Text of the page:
Theologian R.C. Sproul explains why there’s nothing nefarious about the X in Xmas:
The simple answer to your question is that the X in Christmas is used like the R in R.C. My given name at birth was Robert Charles, although before I was even taken home from the hospital my parents called me by my initials, R.C., and nobody seems to be too scandalized by that.
X can mean so many things. For example, when we want to denote an unknown quantity, we use the symbol X. It can refer to an obscene level of films, something that is X-rated. People seem to express chagrin about seeing Christ’s name dropped and replaced by this symbol for an unknown quantity X. Every year you see the signs and the bumper stickers saying, “Put Christ back into Christmas” as a response to this substitution of the letter X for the name of Christ.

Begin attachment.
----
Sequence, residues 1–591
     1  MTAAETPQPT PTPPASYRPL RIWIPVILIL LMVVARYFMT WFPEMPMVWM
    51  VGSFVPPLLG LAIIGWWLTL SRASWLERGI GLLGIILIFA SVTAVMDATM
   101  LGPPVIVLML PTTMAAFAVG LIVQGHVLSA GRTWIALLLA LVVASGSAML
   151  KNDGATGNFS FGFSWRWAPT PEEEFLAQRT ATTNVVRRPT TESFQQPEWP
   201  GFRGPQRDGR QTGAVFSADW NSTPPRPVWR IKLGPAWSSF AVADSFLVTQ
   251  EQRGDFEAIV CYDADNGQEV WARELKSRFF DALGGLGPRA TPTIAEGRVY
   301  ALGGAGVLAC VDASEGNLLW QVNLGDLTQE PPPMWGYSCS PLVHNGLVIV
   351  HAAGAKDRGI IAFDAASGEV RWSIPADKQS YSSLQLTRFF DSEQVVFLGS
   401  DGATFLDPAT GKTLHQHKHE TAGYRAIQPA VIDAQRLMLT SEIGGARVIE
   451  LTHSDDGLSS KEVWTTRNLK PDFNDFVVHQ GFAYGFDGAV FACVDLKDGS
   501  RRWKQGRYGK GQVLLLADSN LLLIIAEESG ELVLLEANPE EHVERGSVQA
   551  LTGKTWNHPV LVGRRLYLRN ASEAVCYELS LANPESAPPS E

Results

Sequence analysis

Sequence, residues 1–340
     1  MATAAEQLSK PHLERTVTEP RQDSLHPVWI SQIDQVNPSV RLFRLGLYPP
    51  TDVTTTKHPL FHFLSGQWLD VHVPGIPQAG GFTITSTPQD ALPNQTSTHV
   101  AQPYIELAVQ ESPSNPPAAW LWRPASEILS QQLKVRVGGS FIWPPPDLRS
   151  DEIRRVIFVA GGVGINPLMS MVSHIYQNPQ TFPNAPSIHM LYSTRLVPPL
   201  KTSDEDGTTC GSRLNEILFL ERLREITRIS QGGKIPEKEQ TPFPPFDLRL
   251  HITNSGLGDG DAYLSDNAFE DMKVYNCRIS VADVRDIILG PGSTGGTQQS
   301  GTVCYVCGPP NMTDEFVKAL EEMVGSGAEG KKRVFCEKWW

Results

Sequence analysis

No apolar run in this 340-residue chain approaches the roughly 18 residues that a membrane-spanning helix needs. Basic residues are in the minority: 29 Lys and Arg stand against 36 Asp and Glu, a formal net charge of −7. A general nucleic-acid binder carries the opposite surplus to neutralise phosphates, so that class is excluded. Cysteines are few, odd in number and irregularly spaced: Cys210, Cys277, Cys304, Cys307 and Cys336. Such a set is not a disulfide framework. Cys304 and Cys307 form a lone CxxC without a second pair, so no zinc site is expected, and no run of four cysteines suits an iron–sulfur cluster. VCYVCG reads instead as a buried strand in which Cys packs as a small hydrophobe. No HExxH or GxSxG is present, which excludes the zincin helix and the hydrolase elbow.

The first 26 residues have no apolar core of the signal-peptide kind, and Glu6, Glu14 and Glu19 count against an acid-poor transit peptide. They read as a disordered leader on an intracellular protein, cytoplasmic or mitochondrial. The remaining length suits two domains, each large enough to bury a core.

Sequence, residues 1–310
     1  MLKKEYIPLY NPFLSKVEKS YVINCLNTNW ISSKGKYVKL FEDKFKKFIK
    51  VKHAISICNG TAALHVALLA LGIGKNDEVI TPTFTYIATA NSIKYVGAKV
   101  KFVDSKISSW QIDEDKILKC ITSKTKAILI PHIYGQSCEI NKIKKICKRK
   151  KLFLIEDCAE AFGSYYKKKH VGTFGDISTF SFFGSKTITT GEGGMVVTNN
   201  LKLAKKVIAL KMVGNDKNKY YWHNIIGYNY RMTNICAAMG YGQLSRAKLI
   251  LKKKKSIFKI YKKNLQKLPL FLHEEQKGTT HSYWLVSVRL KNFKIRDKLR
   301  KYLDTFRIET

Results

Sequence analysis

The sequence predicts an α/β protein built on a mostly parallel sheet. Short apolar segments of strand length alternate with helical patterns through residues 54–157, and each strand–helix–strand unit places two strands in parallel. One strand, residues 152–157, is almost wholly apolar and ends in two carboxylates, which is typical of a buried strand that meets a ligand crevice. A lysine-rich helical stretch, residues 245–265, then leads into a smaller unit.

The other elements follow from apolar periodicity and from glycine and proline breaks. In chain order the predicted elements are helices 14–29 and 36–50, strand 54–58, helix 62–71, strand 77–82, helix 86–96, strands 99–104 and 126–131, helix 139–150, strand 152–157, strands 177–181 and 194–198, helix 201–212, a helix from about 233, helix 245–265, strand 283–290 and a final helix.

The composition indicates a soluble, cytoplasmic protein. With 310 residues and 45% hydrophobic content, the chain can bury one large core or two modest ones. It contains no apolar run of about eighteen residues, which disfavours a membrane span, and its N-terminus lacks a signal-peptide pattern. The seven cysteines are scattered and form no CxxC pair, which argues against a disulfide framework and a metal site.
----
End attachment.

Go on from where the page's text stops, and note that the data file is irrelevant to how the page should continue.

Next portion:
First of all, you have to understand that it is not the letter X that is put into Christmas. We see the English letter X there, but actually what it involves is the first letter of the Greek name for Christ. Christos is the New Testament Greek for Christ. The first letter of the Greek word Christos is transliterated into our alphabet as an X. That X has come through church history to be a shorthand symbol for the name of Christ.